We are working on several new and exciting things at the golf course, and I never know what to blog. New tech, new equipment, new renovations all seem exciting. I spend most of my days pushing paper and talking with the golfers to make sure we hear their excitement and their concerns.
Recently we have ramped up our pruning and chopping down of trees. It’s the season for these general clean-ups because the grass is relatively dormant this time of the year. In a Central Valley summer, we need to water and mow our fairways twice a week; as you can imagine, this doesn’t leave much time to do anything else.
I’ve mentioned in articles that one Eucalyptus tree can drink as much as three gallons of water an hour. As you can imagine, the more trees we have, the more expensive it is to water as well as the fact that we need to prune and maintain the trees for them to be as healthy as possible.
Heavy branches can be dangerous as they self prune and fall. Overgrown trees can harbor several pests included stinging insects and rodents. That on top of shading grassy areas that need sunlight to live, which creates dead spots on the course where you have bare lies and tree branches preventing you from advancing the ball.
That is the crux of the issue; can all this cutting and pruning make the course “too easy.” Our 15th hole is a medium length par 4, a soft dogleg right, right around 400 yards, and is currently the #4 handicap hole. That means our members believe it is the fourth most difficult hole to play. The massive amount of trees on the right side of the hole and strategic bunker placements make this hole easy if you find the fairway and less so from the rough.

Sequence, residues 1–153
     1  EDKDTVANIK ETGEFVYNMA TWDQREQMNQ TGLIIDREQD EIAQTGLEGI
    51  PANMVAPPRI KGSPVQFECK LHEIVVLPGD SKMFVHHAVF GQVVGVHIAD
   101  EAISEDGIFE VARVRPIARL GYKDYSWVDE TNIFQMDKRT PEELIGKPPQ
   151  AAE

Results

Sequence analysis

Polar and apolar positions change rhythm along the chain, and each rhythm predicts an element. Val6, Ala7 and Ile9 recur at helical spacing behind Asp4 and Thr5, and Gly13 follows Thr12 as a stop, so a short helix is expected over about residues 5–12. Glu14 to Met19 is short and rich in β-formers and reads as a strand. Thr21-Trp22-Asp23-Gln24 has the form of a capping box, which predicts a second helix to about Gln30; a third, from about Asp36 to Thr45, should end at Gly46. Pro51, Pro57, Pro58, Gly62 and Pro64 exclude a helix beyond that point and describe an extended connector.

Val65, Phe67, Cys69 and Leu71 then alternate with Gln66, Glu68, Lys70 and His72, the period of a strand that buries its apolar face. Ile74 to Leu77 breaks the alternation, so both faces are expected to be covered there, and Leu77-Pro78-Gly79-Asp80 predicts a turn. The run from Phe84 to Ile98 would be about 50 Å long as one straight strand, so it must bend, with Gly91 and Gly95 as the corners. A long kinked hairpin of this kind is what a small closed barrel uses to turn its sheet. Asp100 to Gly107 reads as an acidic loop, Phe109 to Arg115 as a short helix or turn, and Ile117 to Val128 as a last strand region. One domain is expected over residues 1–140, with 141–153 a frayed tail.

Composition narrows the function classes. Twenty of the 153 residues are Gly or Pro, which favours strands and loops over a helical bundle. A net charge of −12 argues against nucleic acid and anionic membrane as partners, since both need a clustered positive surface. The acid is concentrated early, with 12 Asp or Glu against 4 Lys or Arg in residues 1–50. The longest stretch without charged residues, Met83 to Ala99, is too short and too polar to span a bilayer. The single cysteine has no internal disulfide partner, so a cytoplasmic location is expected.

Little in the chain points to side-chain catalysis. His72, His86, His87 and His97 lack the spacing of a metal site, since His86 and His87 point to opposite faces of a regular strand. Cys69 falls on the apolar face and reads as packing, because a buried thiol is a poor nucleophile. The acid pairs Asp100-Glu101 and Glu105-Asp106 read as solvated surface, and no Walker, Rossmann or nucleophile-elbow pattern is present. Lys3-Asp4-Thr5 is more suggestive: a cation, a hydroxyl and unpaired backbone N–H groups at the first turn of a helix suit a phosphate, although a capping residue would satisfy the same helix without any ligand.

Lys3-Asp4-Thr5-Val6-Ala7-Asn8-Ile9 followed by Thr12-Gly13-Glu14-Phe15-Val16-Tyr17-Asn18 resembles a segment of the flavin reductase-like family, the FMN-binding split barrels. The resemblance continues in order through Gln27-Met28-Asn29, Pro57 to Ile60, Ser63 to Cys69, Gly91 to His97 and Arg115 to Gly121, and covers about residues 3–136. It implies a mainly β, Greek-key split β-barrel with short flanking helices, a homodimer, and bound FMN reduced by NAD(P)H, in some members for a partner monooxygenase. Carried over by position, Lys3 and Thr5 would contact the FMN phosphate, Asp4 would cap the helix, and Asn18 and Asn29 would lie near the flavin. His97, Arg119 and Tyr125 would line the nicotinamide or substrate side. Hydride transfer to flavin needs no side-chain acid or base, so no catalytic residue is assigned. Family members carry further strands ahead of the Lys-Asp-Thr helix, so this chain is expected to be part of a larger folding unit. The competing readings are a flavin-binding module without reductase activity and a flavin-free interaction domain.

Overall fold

With over twenty trees taken out and a completely new look of manicured Silver Eucalyptus, the hole is inarguably more beautiful. However, from the tee box, you no longer have a feeling of dread of getting trapped in the trees with nothing but a punch out as an option.
My counter to this argument is that you still have to hit a brilliant shot to get out. Most likely, a soft fade around a tree, with enough height to still land it softly on the green. It’s not a “gimme” type of shot. As a public course, we want our pace of play to be steady and three minutes searching for a ball and a disaster shot after finding it only slows the course down. Play a round of golf and let us know if the more manicured course has lost its bite.
As with all our blogs and articles, let us know what you think in the comments.